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Hugh Pendexter
American journalist, novelist, screenwriter. He began his career as a humorous writer; his main body of fiction consisted of historical novels and Westerns for such publications as Adventure and Argosy. Known for the detailed research behind his fiction: in particular, the novel Kings of the Missouri, about fur trading and the founding of St. Louis. Pseudonyms: Faunce Rochester



(partial list)

Children's fictionEdit

The Camp and Trail SeriesEdit

  • The Young Gem-Hunters; or, The Mystery of the Haunted Camp (1911)
  • The Young Woodsmen; or, Running Down the Squawtooth Gang (1912)
  • The Young Trappers; or, The Quest of the Giant Moose (1913)
  • The Young River-Drivers; or, Against Heavy Odds

Along the Coast SeriesEdit

  • The Young Fishermen; or, The King of Smugglers' Island (1912)
  • The Young Sea-Merchants; or, After hidden Treasure (1913)
  • The Young Pilots; or, Seeking the Missing Heir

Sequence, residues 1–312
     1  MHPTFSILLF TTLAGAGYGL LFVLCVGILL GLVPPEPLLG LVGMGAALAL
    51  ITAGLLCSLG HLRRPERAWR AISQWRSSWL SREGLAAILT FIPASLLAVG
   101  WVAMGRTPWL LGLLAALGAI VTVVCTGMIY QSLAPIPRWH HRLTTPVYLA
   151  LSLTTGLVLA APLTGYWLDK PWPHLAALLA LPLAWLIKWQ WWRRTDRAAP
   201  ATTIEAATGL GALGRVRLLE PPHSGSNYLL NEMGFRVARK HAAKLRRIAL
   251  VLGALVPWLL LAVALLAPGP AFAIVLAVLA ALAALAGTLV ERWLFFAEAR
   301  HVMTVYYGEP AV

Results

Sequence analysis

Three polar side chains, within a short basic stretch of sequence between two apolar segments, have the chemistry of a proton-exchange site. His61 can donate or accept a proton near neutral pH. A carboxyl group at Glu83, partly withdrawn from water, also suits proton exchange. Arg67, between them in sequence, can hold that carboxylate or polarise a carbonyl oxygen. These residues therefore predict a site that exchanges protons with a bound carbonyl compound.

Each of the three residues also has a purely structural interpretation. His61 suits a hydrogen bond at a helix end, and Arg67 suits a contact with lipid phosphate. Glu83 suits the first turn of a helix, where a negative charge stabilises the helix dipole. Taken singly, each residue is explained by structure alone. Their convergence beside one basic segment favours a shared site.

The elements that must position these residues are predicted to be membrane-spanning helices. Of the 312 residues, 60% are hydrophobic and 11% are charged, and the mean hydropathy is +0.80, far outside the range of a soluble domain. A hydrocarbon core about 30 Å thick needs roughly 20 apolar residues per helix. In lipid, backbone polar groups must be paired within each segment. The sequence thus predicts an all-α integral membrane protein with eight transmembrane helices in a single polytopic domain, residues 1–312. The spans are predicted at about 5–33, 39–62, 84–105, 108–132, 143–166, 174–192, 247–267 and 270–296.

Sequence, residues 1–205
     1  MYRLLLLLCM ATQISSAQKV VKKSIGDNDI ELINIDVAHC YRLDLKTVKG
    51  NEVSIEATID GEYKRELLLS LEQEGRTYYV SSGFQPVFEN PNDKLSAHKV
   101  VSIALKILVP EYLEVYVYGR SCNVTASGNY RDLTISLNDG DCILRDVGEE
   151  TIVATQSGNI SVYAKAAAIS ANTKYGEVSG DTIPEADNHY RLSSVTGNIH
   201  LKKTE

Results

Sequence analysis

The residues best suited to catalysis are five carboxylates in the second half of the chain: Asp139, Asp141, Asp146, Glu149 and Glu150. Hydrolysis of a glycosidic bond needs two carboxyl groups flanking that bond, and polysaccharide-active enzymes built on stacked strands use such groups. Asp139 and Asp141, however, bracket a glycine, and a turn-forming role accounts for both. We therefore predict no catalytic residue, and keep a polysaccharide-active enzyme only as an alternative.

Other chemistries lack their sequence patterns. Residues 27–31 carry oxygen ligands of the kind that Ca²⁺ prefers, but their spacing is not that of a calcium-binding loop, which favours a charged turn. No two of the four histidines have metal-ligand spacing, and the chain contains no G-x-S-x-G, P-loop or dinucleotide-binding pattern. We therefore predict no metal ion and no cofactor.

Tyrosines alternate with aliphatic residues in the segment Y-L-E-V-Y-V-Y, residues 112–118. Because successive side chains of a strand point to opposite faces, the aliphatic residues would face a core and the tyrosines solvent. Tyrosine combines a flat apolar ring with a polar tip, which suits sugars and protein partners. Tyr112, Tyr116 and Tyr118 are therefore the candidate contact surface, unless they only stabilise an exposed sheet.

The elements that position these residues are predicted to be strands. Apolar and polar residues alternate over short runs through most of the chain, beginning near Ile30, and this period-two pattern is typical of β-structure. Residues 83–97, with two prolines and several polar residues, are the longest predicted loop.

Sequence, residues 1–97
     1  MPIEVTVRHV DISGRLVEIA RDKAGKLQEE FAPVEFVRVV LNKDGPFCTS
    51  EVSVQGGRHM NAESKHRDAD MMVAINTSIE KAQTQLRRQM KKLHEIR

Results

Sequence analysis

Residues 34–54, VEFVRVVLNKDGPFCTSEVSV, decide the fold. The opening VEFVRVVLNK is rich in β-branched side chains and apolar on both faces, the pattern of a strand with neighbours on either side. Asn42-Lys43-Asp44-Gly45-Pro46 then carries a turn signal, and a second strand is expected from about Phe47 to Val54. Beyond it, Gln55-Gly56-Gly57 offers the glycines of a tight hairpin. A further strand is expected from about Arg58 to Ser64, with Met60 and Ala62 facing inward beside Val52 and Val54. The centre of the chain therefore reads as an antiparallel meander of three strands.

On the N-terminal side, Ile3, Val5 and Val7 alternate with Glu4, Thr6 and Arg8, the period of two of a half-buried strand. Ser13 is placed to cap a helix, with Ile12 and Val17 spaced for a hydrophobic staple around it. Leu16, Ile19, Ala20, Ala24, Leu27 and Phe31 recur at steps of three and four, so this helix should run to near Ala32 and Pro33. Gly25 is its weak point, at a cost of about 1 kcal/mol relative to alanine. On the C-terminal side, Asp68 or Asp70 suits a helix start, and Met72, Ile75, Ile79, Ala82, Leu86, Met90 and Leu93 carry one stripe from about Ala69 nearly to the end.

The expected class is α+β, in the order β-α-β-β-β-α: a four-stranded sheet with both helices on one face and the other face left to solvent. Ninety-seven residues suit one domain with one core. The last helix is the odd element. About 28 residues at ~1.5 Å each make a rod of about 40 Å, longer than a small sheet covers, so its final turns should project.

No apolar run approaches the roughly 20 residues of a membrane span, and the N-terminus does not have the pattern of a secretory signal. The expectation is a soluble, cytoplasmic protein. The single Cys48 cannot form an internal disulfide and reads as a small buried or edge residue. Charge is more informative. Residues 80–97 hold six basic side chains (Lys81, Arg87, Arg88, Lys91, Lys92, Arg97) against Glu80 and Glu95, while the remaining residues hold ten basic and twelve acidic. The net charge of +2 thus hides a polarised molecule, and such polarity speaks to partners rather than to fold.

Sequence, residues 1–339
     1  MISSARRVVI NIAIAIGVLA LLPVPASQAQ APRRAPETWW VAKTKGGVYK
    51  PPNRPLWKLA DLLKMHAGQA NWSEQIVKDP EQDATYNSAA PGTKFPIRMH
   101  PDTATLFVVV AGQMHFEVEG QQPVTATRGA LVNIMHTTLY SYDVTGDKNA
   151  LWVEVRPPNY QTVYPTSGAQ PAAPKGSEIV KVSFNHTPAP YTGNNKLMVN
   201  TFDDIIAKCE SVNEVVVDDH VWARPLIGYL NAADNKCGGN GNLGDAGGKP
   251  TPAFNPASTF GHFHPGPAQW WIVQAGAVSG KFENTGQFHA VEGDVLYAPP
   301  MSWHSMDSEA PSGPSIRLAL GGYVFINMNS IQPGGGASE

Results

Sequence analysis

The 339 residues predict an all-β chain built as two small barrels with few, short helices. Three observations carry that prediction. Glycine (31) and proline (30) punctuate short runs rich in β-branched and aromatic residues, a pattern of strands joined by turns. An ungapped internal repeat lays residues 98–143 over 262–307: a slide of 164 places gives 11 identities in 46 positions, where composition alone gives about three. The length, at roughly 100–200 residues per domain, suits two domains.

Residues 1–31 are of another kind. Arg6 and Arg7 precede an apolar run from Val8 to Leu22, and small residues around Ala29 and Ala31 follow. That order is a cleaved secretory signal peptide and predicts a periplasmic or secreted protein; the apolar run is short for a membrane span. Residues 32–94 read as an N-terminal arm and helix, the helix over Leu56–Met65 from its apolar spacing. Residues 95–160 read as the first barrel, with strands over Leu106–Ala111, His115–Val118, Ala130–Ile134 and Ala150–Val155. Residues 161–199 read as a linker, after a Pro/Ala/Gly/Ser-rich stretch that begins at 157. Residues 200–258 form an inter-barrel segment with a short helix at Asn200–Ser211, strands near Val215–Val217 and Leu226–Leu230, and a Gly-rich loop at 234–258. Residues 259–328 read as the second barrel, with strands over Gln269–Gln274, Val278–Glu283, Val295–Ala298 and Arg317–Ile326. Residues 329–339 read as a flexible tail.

• The Young Seiners; or, Fighting the Fish Pirates
  • The Young Skippers; or, The Mysterious Wreck

Magazine stories and articlesEdit

As Faunce RochesterEdit

  • Deer "Bleats" and Cougars, (ar) Adventure Nov 10 1923
  • The Horror of the Little House, (ss) Short Stories Nov 1916
  • '"John Bull" on Bears', (ar) Adventure Oct 30 1923 (n-f; article/filler)
  • The Master of Heron River, (ss) Short Stories Jan 1916
  • The Spouse of El Dorado, (ss) Short Stories Mar 1917


  • A Daughter of the Wolf (1919) story for B&W silent
  • Wolf Law (1922) story for B&W silent


Some or all works by this author are in the public domain in the United States because they were published before January 1, 1924.

The author died in 1940, so works by this author are also in the public domain in countries and areas where the copyright term is the author's life plus 75 years or less. Works by this author may also be in the public domain in countries and areas with longer native copyright terms that apply the rule of the shorter term to foreign works.